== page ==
Aims: Fish oils are widely believed to promote cardiovascular health by lowering blood pressure (BP) but the evidence supporting this is not conclusive. We aimed to systematically review existing evidence.
Method: We undertook a systematic review of randomized controlled trials and crossover trials that evaluated the effectiveness of fish-oil supplements. We included trials enrolling adults who were given fish-oil supplements with at least 8 weeks' follow up. Effects on systolic and diastolic BP were assessed using meta-analysis. Meta-regression was undertaken to explore the relationship between dose of fish oil and BP outcomes.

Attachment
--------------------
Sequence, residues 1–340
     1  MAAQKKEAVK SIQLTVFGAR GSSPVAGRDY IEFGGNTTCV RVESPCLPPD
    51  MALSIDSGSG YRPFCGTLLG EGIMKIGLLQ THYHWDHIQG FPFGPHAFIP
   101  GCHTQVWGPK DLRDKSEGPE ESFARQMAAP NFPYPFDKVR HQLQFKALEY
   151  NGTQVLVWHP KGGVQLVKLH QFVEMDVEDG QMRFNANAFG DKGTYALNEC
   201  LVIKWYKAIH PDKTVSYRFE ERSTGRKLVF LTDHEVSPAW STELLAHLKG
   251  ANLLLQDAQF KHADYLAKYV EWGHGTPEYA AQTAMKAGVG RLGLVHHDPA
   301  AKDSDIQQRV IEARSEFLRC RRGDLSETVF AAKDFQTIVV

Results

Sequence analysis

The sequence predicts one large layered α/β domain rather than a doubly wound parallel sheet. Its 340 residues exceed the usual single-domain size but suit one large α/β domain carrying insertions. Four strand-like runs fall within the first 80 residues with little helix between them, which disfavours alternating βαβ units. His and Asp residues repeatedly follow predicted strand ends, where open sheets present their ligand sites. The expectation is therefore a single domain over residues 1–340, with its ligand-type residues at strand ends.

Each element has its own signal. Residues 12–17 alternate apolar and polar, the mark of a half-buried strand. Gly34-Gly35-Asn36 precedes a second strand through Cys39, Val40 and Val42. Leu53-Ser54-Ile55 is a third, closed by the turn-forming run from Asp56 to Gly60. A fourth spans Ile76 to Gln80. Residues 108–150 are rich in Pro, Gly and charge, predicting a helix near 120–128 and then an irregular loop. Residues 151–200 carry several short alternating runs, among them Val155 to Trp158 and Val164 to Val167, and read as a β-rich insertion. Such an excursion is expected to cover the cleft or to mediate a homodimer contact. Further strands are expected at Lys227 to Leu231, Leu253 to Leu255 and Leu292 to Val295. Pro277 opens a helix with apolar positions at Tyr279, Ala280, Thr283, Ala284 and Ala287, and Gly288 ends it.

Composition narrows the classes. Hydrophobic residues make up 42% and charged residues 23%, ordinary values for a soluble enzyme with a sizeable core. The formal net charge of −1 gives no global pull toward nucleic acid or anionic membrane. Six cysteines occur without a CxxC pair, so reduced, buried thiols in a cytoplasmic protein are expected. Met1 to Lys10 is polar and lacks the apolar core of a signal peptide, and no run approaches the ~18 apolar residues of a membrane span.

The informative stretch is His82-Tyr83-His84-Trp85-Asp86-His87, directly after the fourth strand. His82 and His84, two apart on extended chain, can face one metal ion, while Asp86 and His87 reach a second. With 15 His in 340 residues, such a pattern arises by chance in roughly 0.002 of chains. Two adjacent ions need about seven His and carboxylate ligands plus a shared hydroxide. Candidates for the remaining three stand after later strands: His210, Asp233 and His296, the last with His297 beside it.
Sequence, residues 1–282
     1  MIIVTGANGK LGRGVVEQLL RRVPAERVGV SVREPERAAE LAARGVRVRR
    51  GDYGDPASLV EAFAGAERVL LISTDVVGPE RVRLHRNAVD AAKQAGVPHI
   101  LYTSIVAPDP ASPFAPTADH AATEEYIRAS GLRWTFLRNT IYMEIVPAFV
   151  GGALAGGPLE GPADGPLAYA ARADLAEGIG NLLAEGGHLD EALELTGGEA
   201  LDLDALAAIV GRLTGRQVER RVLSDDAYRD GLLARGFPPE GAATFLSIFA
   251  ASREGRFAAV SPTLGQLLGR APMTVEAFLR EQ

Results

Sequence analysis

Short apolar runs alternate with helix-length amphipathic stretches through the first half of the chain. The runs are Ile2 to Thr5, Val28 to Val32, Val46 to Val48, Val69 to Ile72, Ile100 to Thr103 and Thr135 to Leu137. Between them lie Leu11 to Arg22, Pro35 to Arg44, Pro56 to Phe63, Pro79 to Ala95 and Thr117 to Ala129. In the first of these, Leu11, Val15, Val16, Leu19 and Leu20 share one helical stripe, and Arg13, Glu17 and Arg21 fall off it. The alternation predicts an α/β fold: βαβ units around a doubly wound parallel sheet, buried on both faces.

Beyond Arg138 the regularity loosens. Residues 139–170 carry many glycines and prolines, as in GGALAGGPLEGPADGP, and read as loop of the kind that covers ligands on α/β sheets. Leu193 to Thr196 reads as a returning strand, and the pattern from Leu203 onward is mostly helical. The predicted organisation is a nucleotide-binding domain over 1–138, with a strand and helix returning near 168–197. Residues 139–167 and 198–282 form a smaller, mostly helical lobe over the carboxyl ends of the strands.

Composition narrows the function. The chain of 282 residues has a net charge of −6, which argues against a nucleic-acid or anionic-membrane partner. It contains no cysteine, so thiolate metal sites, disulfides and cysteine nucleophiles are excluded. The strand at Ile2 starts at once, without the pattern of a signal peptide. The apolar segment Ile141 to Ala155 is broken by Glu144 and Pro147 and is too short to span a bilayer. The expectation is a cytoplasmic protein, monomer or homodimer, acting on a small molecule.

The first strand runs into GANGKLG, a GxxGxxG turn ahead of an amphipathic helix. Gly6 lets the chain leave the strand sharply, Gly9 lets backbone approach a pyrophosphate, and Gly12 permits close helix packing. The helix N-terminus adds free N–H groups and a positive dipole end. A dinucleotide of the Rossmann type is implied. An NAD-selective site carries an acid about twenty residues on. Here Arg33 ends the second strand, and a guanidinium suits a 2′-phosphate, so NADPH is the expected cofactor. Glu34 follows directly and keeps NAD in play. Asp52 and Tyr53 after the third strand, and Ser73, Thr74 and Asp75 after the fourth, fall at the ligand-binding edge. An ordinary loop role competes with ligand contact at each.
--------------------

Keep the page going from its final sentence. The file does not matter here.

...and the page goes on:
Results: We included 17 studies, with a total of 1524 participants. We explored the effects of fish-oil supplements in both normotensive and hypertensive participants with BP 140/85 mmHg at least. Meta-analyses were performed using the inverse-variance method. Data from eight studies in hypertensive participants found a statistically significant reduction in systolic and diastolic BP; 2.56 mmHg (95% CI 0.58 to 4.53) and 1.47 mmHg (95% CI 0.41 to 2.53), respectively. Nine studies in normotensive participants showed a non-significant reduction in both systolic and diastolic BP. Meta-regression showed no significant relationship between dose of fish oil and the effect on BP.
Conclusion: The small but statistically significant effects of fish-oil supplements in hypertensive participants in this review have important implications for population health and lowering the risk of stroke and ischaemic heart disease. Their modest effects, however, mean that they should not be recommended as an alternative to BP-lowering drugs where guidelines recommend treatment.